When you're at risk of being buried under an avalanche of insurance paperwork, it's hard to know what insurance documents to keep and which are safe to toss. Health insurance explanation of benefit documents, or EOBs, account for a large portion of your health insurance file, and knowing when it's best to put these in the trash can help reduce your insurance file significantly.
Explanation of Benefits
Health insurance companies routinely send out explanation of benefits documents after each physician visit or medical procedure. These documents outline what procedure or care measure was billed, how much the insurance company will pay for each procedure or service, and how much you as the patient are responsible for paying. EOBs are useful for checking against medical bills to be assured that the bill matches the amount for which you, as the patient, are responsible.
How Long Should You Keep EOBs?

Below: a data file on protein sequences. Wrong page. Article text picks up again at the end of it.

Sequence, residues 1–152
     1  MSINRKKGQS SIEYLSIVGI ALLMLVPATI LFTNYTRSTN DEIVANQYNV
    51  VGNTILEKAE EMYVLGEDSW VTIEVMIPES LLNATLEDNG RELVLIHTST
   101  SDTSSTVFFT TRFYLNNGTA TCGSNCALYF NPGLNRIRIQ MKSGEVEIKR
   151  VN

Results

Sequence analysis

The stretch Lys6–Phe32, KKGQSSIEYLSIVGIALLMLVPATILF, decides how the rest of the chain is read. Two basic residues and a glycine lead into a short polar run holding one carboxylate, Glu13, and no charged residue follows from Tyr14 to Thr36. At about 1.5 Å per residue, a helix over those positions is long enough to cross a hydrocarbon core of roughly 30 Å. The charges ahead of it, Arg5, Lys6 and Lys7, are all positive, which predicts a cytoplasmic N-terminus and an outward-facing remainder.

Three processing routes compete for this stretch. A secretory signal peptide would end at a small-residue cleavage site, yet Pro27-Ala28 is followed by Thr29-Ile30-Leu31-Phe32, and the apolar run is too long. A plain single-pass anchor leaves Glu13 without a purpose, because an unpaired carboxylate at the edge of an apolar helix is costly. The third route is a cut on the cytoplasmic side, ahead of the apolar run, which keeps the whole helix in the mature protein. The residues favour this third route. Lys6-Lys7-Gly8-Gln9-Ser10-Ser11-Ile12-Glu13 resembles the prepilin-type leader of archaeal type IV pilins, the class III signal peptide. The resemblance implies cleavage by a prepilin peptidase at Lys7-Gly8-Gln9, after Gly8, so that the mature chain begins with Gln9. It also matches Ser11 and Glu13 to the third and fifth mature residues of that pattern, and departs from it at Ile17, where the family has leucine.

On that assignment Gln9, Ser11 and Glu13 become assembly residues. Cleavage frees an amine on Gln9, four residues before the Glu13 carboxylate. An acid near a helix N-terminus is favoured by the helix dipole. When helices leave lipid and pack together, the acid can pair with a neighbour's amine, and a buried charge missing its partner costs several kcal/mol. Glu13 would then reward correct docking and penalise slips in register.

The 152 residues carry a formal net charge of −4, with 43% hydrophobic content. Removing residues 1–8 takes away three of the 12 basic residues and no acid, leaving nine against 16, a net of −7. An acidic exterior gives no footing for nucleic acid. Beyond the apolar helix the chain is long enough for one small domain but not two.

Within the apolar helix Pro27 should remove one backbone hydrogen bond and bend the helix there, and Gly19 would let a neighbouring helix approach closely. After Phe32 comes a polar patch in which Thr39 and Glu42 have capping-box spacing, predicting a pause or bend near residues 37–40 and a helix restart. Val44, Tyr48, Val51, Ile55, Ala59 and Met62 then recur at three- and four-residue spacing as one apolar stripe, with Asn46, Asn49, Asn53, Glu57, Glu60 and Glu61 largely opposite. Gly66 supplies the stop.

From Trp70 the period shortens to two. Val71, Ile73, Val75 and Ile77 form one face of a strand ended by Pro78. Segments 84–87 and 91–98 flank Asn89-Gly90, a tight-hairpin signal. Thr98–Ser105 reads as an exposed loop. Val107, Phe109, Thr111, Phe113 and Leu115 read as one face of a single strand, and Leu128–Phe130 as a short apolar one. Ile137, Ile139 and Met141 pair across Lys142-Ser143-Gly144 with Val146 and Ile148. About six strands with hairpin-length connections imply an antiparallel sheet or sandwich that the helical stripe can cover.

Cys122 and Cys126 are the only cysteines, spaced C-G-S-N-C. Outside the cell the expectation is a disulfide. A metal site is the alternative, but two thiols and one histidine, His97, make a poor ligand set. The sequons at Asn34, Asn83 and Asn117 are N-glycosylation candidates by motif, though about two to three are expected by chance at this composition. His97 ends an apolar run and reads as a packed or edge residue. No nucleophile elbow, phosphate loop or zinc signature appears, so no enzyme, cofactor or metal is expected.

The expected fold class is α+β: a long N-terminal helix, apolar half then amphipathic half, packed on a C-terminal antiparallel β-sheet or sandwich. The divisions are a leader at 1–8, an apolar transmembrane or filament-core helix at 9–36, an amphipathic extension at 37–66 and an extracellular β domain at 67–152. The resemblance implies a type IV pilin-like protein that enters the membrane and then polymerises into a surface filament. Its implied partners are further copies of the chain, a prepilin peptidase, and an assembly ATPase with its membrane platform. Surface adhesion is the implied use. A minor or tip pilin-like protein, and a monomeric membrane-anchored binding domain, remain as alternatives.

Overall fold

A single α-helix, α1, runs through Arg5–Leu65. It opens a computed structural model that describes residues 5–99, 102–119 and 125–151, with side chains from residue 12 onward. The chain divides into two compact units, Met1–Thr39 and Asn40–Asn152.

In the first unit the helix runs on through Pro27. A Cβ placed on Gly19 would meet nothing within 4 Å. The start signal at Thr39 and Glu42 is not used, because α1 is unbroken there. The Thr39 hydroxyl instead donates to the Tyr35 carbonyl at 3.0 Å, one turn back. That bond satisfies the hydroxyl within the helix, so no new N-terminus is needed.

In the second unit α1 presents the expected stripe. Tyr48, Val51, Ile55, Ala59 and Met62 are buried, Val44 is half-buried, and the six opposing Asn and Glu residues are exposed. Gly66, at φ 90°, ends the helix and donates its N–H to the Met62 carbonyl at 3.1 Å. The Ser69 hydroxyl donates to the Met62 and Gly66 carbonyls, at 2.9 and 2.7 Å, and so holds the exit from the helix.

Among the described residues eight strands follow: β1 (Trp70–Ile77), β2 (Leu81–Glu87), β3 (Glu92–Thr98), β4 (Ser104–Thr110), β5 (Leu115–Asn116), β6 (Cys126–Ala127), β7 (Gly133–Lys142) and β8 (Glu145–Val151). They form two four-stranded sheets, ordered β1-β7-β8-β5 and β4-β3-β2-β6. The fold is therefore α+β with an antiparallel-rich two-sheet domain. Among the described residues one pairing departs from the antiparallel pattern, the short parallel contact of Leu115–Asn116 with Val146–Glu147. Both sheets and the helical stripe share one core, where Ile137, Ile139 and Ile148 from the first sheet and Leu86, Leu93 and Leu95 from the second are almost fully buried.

Most financial advisers recommend that you keep explanation of benefit documents until you are sure that the medical provider has been compensated by the insurance company for services rendered. For most, a year should be sufficient for compensation purposes. However, if the explanation of benefits is for services that are part of treatment for an ongoing illness or condition, it may be wise to keep the documents until the treatment is completed.
Paper No More
Even if you do need to keep your explanation of benefit documents, there's no need to let them clutter up your desk drawer or file cabinet. MSN Money's Liz Pulliam Weston recommends scanning financial paperwork such as health insurance EOBs to digital files, which can cut down on the paper while allowing you to keep copies of these documents. Electronic files, when properly named, are often easier to find when you need them than paper copies.
Handle With Care
When you do discard your health insurance explanation of benefit documents, or any document with your identifying information, do so in such a way that potential identity thieves cannot use the sensitive information that is often found on health insurance documents. Shred, burn or otherwise destroy EOBs and other health insurance documents so that your name, Social Security number, birth date, address and other information is no longer traceable.